violent crime generally makes it more likely to come to the attention of police than property crime,
there are a host of individual and contextual factors that may impact whether police learn of an
instance of violence. While this “dark figure” of crime problem has long been recognized in
criminology (see Mosher et al., 2011; Schwartz & Vega, 2017), official reports of crime to police
are often the only type of data used for the analysis of violence problems. In particular, place-based
police violence reduction programs, such as hot-spots policing interventions, typically rely
exclusively on police call and incident data for the identification of geographic concentrations of
violent crime and the selection of targets for extra police resources (e.g., Ratcliffe et al., 2011;
Rosenfeld et al., 2014; B. Taylor et al., 2011).
This raises important questions about whether police data alone accurately and fully identify hot
spots of violent crime activity. Are other data sources useful in understanding the nature and location
of violence? Here, we examine whether emergency medical service (EMS) data collected by the fire
department can help in identifying the location and concentration of injuries caused by violence.
Building on prior work that suggests EMS data are a complement to police data (Ariel et al., 2015;
Hibdon & Groff, 2014; Hibdon et al., 2017; Telep & Hibdon, 2017), we examine violent crime calls
to the Seattle Police Department (SPD) and EMS incidents involving violence in the city of Seattle
for a 2-year period. We assess the extent of overlap in violence concentration at the community
level, as well as at hot spots identified with each source, to better understand whether EMS data can
help identify violence potentially unreported to police. We also examine whether combining EMS
and police data results in the identification of new or different hot spots. After reviewing prior work
on the concentration of violence using police and EMS data, we describe our data, methods, and
results. We conclude with a discussion of the value of considering multiple data sources for violence
prevention efforts, whether led by police or other groups.
A series of studies over the past 3 decades demonstrate that crime, as measured by police call or
incident data, is highly concentrated at a small number of geographic locations (see Telep &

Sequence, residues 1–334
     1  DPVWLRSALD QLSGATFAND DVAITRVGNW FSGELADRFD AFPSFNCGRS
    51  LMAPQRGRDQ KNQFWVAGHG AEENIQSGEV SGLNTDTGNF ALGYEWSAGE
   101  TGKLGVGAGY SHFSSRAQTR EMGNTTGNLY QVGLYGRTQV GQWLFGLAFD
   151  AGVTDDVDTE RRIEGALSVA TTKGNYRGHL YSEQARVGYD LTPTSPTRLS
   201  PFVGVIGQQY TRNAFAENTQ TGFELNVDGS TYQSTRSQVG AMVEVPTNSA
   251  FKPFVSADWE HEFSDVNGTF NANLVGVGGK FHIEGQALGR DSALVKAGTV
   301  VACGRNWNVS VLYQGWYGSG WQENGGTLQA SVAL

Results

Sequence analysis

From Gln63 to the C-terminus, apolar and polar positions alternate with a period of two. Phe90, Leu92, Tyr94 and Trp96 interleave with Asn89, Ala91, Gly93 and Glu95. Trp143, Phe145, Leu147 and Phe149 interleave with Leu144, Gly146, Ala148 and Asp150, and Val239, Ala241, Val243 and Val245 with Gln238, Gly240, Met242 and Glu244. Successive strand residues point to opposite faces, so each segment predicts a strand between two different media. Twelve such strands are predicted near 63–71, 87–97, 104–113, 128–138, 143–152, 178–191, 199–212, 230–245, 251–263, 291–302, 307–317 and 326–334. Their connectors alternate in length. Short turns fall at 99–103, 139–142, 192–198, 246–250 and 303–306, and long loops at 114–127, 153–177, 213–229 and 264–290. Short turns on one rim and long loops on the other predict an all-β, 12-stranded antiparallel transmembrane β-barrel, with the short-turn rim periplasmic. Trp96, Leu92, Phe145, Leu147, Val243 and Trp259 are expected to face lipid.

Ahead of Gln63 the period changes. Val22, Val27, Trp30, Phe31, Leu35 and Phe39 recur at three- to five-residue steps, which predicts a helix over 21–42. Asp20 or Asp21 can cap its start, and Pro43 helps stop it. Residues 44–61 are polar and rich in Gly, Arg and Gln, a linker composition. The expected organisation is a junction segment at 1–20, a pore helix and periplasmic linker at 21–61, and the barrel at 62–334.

Weisburd, 2018, for a review). The consistency of crime concentration in small geographic areas
resulted in Weisburd (2015) proposing a law of crime concentration at the place, arguing that across
cities, about half of crime will be located in about 5%of places. While the definition of place varies
across studies, ranging from addresses (e.g., Sherman et al., 1989) to street segments (e.g., Weisburd
et al., 2012; Wheeler et al., 2016) and to groups of street blocks (e.g., Weisburd & Mazerolle, 2000),
the units chosen are all small. And at each level of geographic aggregation, crime is highly con-
centrated and such concentrations tend to remain stable over time (Weisburd et al., 2012).
Considering concentration at these small geographic areas has value because such locations
represent the exact contexts in which crime occurs and makes possible a deeper understanding of
the dynamics surrounding crime (Nelson et al., 2001).
Concentration of Violent Crime at Place
Research examining crime concentration using disaggregated crime types has also revealed high
levels of concentration, sometimes even stronger than overall crime. Given the emphasis of this
article, we focus in particular on violent crime. Sherman et al.’s (1989) initial work using a year of
call data in Minneapolis found violent crime calls were even more concentrated than calls overall.
While about 3.3%of addresses produced 50%of all calls, just 2.2%of addresses produced all of the
robbery calls during this period.
More recently, Braga et al. (2010) found that just 4.8%of street segments in Boston were the site
of 73.9%of all gun assaults over a 29-year period. Close to 89%of street segments and intersections
Hibdon et al. 191